Friends and family must think and make their own choices when it comes to hugging each other, Boris Johnson said as he urged people not to “suddenly throw caution to the winds”.
From next Monday, hugs between people from different households in England will be allowed for the first time in months as restrictions are eased in the next stage of the road out of lockdown.
The Government will allow people to use their “personal judgment” on close contact between friends and family from this date, when groups of up to six or two households can be reunited indoors.
But the Prime Minister said people must consider the vulnerability of their loved ones before having close contact, taking into account about whether they have had a vaccine.
He told the Downing Street press conference: “From next Monday we are updating the guidance on close contact between friends and family,
setting out the risks for everyone to make their own choices.
“This does not mean we can suddenly throw caution to the winds. In fact, more than a year into this pandemic, we all know that close contact, such as hugging, is a direct way of transmitting this disease.
“So I urge you to think about the vulnerability of your loved ones – whether they have had a vaccine, one or two doses, and whether there has been time for that vaccine to take effect.”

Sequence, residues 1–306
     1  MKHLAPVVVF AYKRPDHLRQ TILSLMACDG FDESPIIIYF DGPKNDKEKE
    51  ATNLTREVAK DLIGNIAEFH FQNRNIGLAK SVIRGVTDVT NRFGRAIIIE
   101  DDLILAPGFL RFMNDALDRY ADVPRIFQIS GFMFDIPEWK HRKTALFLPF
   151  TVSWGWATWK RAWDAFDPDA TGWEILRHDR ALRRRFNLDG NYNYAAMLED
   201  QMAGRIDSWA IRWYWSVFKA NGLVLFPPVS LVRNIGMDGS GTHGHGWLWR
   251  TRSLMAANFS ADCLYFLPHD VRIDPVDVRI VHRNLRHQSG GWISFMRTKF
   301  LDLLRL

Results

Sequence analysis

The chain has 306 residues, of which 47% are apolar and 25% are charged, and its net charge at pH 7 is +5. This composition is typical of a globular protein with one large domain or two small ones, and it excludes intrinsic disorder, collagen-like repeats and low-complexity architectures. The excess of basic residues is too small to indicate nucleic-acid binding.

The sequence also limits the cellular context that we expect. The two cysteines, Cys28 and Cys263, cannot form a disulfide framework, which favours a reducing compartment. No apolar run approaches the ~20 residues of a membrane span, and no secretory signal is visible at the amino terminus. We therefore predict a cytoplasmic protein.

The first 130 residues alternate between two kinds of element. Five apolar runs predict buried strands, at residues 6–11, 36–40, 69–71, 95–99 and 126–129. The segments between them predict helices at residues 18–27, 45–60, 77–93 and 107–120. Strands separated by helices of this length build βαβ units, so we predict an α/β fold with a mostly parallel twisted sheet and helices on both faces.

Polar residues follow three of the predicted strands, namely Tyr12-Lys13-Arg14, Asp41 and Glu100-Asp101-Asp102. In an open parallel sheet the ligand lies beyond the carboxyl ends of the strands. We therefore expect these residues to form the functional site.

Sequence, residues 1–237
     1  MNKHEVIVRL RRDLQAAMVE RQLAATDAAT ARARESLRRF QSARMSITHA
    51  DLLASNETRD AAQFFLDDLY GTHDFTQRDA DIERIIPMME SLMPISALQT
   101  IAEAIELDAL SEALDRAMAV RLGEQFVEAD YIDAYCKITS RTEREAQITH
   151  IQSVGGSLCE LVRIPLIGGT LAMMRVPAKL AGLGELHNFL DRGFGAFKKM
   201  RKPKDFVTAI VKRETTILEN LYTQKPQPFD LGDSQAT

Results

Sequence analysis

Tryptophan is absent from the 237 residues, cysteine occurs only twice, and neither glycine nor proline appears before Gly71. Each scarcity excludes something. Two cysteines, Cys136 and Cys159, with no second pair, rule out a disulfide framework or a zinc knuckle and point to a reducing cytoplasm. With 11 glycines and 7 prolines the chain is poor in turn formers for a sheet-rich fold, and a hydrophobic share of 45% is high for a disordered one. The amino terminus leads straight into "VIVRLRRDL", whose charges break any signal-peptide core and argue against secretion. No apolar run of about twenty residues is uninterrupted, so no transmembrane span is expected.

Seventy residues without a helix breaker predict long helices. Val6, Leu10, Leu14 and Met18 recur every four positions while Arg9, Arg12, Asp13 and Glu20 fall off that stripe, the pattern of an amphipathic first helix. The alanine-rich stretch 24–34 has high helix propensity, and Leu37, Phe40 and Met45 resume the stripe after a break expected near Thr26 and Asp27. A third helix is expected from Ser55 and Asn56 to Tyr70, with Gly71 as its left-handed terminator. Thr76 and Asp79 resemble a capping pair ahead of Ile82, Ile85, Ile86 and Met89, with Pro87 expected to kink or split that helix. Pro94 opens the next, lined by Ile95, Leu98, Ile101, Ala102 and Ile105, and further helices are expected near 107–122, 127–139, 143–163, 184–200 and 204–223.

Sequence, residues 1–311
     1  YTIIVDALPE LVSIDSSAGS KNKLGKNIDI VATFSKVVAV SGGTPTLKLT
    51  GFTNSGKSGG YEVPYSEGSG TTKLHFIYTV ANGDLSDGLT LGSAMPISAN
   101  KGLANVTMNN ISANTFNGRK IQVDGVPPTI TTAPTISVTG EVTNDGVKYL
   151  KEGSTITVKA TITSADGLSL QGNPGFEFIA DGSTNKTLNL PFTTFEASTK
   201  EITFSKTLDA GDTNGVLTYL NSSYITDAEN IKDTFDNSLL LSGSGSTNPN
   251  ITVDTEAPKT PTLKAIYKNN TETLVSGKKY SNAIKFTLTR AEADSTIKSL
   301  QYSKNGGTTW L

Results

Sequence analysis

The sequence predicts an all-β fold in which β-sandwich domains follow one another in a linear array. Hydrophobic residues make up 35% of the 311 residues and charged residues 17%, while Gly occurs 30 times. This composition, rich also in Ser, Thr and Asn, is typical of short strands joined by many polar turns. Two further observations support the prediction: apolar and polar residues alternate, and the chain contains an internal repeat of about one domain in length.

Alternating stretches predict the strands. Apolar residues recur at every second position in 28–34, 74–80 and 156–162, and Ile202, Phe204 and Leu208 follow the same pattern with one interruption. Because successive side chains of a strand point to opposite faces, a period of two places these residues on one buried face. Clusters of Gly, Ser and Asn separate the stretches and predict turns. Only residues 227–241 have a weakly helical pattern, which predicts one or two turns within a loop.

He reiterated advice about it being safer to meet outdoors, and added that if people are gathering indoors from next week it is wise to open windows to ensure good ventilation.
People should also get tested for coronavirus regularly, even if they do not have symptoms in order to try and stop Covid-19 spreading, he added.
Social distancing outside of gatherings of friends and family should continue, the PM said, in environments such as pubs, restaurants, workplaces and shops.
On close contact with loved ones, the Prime Minister’s official spokesman told a Westminster briefing: “This is a matter for personal judgment.
“What the public need to understand is that we are moving away from delivering a specific instruction on this point to advising the public that, because of the success of the vaccine rollout and the public abiding by the rules, we are at the point where everyone can use their own personal judgment.
“So there is no set rule on that, it is down to personal judgment.”
Other ways of minimising the risk include wearing face coverings, regular hand washing and keeping surfaces clean.
Dr Mike Tildesley, from the University of Warwick and a member of the Scientific Pandemic Influenza Group on Modelling (Spi-M), urged people to “act responsibly” ahead of restrictions being lifted.
He told BBC Breakfast: “I think it’s actually very important for our mental health and wellbeing that we can hug our loved ones, but to me the key message is, if and when this comes in, we need to remember that the pandemic hasn’t gone away.
“We are still a few steps away from normality, so it’s really great that we can hug our loved ones, but what we need to remember is we need to be a little bit careful.”
Meanwhile, professor in medical microbiology Sally Jane Cutler told Times Radio: “I think we have to be very conserved about who we choose to hug.
“Personally I’m going to restrict my hugging to family members and not beyond.”